On our way home through Central Park, we heard the dull bass from poppy 80s music. Following the sound, we stumbled upon an ice rink. Like a scene from a Rom-Com, we both rented skates and held hands doing laps around the rink under the Manhattan lights. 

Although I didn’t have any champagne, Kiki’s engagement ring was in my pocket. I planned to propose to her after our skate. However, instead of getting down on one knee, I fell down hard on my left knee on our last lap around the ice rink. I didn’t know it at the time, but I had broken my knee cap. 

Kiki helped me hobble back to the hotel, and we went straight to bed.

After a painful, sleepless night, we booked flights back to Toronto that morning, so I could seek medical treatment. However, I didn’t want to leave New York without a fiance! So, while immobile on a chair in the hotel bathroom waiting for a wheelchair to bring me down to the taxi, I played our favorite song through the cheap speakers of my phone and whispered into Kiki’s ear will you marry me.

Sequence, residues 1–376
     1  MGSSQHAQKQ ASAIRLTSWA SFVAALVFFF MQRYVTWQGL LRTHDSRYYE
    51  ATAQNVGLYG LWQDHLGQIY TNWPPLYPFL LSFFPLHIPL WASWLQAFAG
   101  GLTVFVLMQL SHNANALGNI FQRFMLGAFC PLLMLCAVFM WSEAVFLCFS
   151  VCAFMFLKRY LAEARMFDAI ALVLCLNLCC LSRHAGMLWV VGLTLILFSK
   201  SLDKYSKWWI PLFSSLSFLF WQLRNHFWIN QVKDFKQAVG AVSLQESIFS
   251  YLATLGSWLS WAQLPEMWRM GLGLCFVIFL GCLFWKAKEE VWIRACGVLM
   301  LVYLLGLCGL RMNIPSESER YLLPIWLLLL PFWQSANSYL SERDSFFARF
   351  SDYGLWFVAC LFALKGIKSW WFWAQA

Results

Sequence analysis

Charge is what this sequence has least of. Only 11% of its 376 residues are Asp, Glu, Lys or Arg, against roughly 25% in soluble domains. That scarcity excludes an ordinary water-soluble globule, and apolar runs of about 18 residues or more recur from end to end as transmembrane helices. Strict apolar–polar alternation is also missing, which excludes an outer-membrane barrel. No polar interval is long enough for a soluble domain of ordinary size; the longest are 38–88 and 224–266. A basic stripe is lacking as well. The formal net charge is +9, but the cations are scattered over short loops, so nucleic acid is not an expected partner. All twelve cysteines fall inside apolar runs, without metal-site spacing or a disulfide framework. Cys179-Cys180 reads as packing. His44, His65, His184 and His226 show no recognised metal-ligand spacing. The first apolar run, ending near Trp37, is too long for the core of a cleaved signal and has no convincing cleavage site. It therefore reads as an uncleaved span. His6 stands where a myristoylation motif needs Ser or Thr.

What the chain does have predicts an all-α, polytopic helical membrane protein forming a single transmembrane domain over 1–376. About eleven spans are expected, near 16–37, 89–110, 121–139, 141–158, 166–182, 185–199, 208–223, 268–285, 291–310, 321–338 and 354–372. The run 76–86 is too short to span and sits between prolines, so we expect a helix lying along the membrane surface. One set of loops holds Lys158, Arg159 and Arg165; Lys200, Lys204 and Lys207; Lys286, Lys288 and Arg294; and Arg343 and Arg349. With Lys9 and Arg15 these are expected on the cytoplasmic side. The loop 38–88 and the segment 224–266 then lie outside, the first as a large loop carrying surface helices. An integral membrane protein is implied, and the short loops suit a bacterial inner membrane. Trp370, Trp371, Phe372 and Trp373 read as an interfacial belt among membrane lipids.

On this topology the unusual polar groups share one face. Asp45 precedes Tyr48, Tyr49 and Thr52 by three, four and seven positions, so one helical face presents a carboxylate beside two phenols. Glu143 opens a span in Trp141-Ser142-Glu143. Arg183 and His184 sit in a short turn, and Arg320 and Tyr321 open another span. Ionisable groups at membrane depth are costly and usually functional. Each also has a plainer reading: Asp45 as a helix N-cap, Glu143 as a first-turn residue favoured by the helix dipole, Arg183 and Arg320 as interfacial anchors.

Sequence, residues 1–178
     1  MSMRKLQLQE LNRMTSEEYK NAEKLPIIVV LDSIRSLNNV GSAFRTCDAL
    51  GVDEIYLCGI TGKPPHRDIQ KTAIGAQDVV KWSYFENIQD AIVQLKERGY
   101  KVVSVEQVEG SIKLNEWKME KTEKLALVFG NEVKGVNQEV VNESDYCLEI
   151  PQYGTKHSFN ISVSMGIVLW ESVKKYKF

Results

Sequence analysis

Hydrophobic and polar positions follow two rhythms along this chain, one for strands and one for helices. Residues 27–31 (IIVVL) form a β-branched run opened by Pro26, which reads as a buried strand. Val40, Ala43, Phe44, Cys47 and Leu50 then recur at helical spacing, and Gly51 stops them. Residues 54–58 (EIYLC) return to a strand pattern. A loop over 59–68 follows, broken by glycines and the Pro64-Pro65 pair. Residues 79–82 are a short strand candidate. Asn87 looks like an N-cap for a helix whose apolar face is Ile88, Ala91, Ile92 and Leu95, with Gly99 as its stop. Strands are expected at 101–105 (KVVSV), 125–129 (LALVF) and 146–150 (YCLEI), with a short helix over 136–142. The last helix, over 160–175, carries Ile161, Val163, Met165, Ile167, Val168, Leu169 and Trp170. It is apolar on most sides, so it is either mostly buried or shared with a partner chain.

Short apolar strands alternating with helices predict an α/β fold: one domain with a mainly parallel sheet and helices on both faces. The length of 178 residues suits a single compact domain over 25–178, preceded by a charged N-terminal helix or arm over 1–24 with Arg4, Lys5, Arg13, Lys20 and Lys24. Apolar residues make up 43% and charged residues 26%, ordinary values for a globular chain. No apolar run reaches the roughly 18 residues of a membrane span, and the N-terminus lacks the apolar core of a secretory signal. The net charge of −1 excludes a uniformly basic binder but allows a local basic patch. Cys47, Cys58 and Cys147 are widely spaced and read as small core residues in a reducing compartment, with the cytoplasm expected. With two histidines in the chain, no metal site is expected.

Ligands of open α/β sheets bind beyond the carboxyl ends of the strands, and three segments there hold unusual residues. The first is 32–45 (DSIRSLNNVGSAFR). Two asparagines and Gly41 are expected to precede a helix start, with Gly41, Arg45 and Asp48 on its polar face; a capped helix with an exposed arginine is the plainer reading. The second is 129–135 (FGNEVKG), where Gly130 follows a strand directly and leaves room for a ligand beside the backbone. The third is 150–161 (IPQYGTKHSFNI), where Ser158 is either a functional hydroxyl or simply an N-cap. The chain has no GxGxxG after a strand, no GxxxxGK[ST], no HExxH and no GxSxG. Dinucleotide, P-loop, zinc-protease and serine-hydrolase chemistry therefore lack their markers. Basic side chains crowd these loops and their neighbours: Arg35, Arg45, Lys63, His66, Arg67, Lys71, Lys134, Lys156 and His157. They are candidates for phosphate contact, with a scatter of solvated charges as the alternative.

Kiki gave me a cheeky smile but immediately said yes.

Planning the Wedding

With Kiki not feeling particularly inspired after being proposed to in a cheap hotel bathroom and me in a full leg cast, the wedding planning would begin! 

Neither of us grew up idealizing a white dress and fancy ceremony. But, as the planning started, our dream wedding we never knew we wanted began to materialize. Through friends of friends, we secured a beautiful farm north of Toronto for the ceremony. We booked the city’s best wedding band, catering from a local chef, and, most exciting, a variety of organic and biodynamic wines that we loved. Also, Kiki’s English family would visit for the week. We planned to spend at a beautiful cottage we had rented on a remote lake in North Ontario. 

Everything was booked, but then COVID hit. It was clear we would not be able to safely host a wedding that coming August, so everything was canceled. 

We would spend quarantine canceling flights, wedding bands, and flowers, and in the process, I lost my irreplaceable engagement ring. 

Needless to say, the early days of COVID were devastating.

The ‘Non-Wedding’ Wedding Day